U.S. holiday sales to grow, but big chains getting smaller piece

A Macy's department store in New York in February. Macy's  Chief Financial Officer  Karen Hoguet said the just-completed quarter started strong but business grew weaker beginning in mid-March. CREDIT: Bloomberg photo by Michael Nagle.

U.S. retail sales will grow about 4 percent this holiday season, buoyed by a better job market, according to a forecast by Deloitte. Still, the news isn’t all good for big retail chains.

Consumers are increasingly buying gifts at niche retailers, potentially pulling spending away from places like Wal-Mart Stores and Macy’s, Deloitte said in an annual report released on Wednesday. Upstart companies — think Bonobos or Fabletics — have collectively steered $200 billion in annual sales away from big chains over the last five years, the consulting firm estimates.

“You’ve got a lot of small startups that are nibbling away a little bit of the volume at a time,” said Rod Sides, vice chairman of Deloitte. “Everyone’s worried about the Amazon effect and those kinds of players, but at the end of the day, it’s the smaller websites that focus on a specific product category and whittle away at market share.”

The shift means traditional retailers will have to work harder over the holidays to entice customers. Even so, gains in wages and disposable income will help put more money in shoppers’ wallets. Excluding motor and gasoline purchases, sales may exceed $1 trillion in the November-through-January season, New York-based Deloitte said.

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Holiday sales by that measure rose 3.6 percent last year, according to the firm. Online purchases will grow much faster than the overall figure, jumping as much as 19 percent to $98 billion during the 2016 holiday.

U.S. shoppers may be feeling more cheery as economic growth improves and the unemployment rate remains low. An increase in average hourly earnings also may boost consumers’ willingness to spend this holiday. The U.S. personal savings rate fell to 5.7 percent of disposable personal income in July, according to Commerce Department data, down from 6.2 percent in March.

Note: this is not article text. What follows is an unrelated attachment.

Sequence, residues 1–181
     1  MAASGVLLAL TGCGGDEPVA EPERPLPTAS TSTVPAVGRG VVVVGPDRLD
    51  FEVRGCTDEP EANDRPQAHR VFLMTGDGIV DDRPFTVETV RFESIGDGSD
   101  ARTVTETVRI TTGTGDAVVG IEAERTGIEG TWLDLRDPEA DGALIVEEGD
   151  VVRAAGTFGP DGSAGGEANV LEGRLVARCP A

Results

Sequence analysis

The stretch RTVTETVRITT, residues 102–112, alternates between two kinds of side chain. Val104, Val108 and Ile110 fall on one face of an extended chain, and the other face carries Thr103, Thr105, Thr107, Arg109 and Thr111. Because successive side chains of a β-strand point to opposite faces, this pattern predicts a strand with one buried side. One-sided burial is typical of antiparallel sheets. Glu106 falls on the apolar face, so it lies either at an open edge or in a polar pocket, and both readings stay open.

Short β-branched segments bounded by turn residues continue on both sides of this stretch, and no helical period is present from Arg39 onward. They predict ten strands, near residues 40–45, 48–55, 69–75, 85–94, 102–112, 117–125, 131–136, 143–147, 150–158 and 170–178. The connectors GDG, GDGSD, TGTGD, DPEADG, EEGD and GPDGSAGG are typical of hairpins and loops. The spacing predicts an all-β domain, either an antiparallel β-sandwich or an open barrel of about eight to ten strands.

“People are still saving more, but just not as much as they were in the past,” Sides said. “They feel more confident about their employment and their wages.”

It’s also gotten easier to start a retailer, especially an e-commerce shop, Sides said. To keep consumers coming back, major chains will have to sharpen their price points and offer more compelling products, he said.

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To prepare for the holiday rush, retailers are making their annual push for seasonal workers. Target and Kohl’s have said they plan to hire the same number of temporary employees as last year, with both adding about 70,000 apiece. Macy’s, meanwhile, is reducing its staff to 83,000, down about 2,000 from last year.

While an unexpected spike in gas prices or a dip in employment could hurt spending, one thing retailers don’t need to worry about is the presidential election in November, Sides said. The campaigns could disrupt early-season purchasing, but shoppers historically return to spending after the election results are in.

“It really doesn’t have a long-term effect,” he said.